Last year, the Minnesota Public Utilities Commission approved investor owned utility Minnesota Power’s mercury emissions reduction plan for the 585 MW Boswell Unit 4, its largest coal-fired power plant. Minnesota’s Mercury Emissions Reduction Act (MERA) requires utilities to prepare plans to reduce mercury emissions for the state’s six largest coal power plants. See Minn. Stat. §§ 216B.68-.688. For Boswell 4, which is located in Cohasset, MN, Minnesota Power submitted a plan to retrofit the unit to reduce the plant’s mercury emissions by 90% (the statutory goal under MERA) as well as reduce emissions of multiple other pollutants.
A group of environmental intervenors challenged the approval, arguing that the Commission had not adequately considered the option for replacing Boswell 4 with a natural gas plant instead of retrofitting it to reduce emissions. Specifically, they contended that the Minnesota Pollution Control Agency (MPCA) should have produced a full evaluation of the natural gas alternative as it had for the retrofit plan for the Commission’s consideration. The Minnesota Court of Appeals issued a decision yesterday denying the environmental intervenors’ appeal. The Court found that the question at issue was the statutory interpretation of MERA. In its analysis, the Court found that upon examination of the statute as a whole, it is clear that the legislature’s intention with MERA is to regulate rather than replace coal plants. And, as a result, MPCA was not obligated to substantively assess the prospect of retiring and replacing Boswell 4 with a natural gas facility. Further, the Court found that, even if MPCA should have evaluated the natural gas alternative, the Commission was required by statute to approve a plan meeting the criteria set forth under MERA. Since Minnesota Power’s retrofit plan met those criteria, the Commission was required to approve it.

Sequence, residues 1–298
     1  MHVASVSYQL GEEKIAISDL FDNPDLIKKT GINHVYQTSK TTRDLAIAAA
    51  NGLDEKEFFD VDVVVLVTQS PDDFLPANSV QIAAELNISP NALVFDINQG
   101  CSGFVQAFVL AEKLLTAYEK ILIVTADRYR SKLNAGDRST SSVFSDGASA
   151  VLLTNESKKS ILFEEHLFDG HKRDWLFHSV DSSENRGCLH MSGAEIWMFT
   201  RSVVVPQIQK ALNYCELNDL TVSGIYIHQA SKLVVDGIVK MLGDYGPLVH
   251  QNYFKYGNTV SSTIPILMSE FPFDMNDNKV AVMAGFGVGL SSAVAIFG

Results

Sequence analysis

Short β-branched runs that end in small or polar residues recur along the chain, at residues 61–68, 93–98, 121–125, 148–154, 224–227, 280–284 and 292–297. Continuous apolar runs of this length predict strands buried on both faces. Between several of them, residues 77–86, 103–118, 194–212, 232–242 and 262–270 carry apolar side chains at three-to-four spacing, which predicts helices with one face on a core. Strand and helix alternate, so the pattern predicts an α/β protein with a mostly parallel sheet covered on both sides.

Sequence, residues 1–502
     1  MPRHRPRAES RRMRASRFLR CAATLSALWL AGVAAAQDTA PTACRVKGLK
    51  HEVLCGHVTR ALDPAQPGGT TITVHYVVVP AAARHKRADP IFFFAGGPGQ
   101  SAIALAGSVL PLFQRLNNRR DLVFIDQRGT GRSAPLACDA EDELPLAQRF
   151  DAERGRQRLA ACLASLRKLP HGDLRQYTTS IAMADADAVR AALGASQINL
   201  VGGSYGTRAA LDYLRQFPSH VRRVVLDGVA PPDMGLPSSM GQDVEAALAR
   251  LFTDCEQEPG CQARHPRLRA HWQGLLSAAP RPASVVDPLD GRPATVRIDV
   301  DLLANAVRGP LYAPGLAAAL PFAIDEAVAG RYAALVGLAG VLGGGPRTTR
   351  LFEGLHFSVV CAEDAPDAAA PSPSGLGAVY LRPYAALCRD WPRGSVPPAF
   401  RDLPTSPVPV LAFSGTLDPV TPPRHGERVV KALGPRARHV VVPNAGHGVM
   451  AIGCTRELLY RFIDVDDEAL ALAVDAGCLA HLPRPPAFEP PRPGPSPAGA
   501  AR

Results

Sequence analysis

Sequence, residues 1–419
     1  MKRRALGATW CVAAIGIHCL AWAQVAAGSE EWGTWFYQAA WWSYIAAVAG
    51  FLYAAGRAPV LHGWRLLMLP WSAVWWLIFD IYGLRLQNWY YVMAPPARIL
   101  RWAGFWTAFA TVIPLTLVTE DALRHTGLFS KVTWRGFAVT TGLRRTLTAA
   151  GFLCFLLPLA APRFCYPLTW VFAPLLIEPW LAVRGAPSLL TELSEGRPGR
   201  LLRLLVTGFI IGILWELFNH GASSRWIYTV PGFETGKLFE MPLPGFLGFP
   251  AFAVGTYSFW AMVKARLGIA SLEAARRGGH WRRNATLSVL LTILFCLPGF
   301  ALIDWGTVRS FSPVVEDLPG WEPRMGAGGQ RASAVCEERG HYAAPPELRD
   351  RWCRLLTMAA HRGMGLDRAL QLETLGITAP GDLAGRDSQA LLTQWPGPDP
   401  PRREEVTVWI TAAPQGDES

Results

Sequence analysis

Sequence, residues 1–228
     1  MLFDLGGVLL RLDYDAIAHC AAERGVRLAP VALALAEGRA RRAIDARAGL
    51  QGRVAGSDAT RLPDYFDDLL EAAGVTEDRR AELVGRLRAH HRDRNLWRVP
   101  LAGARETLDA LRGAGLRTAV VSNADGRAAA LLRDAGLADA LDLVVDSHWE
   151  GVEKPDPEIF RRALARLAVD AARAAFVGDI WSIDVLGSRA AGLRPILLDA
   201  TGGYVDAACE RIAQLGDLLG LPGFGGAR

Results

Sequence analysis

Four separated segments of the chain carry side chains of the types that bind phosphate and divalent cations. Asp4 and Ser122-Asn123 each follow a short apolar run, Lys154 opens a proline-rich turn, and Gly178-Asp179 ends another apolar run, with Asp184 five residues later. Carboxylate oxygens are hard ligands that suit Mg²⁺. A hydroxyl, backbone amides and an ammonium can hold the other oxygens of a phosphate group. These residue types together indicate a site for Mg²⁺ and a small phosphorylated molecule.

The Boswell 4 retrofit project is already under construction and projected to be completed in 2016. Decisions about investing in mercury reduction retrofits for coal plants are among the many significant resource planning decisions that Minnesota utilities will be facing in the next several years, with the Commission investigating updating the costs assigned to pollutants in the resource planning process and Minnesota regulators exploring implementation options for EPA’s Clean Power Plan.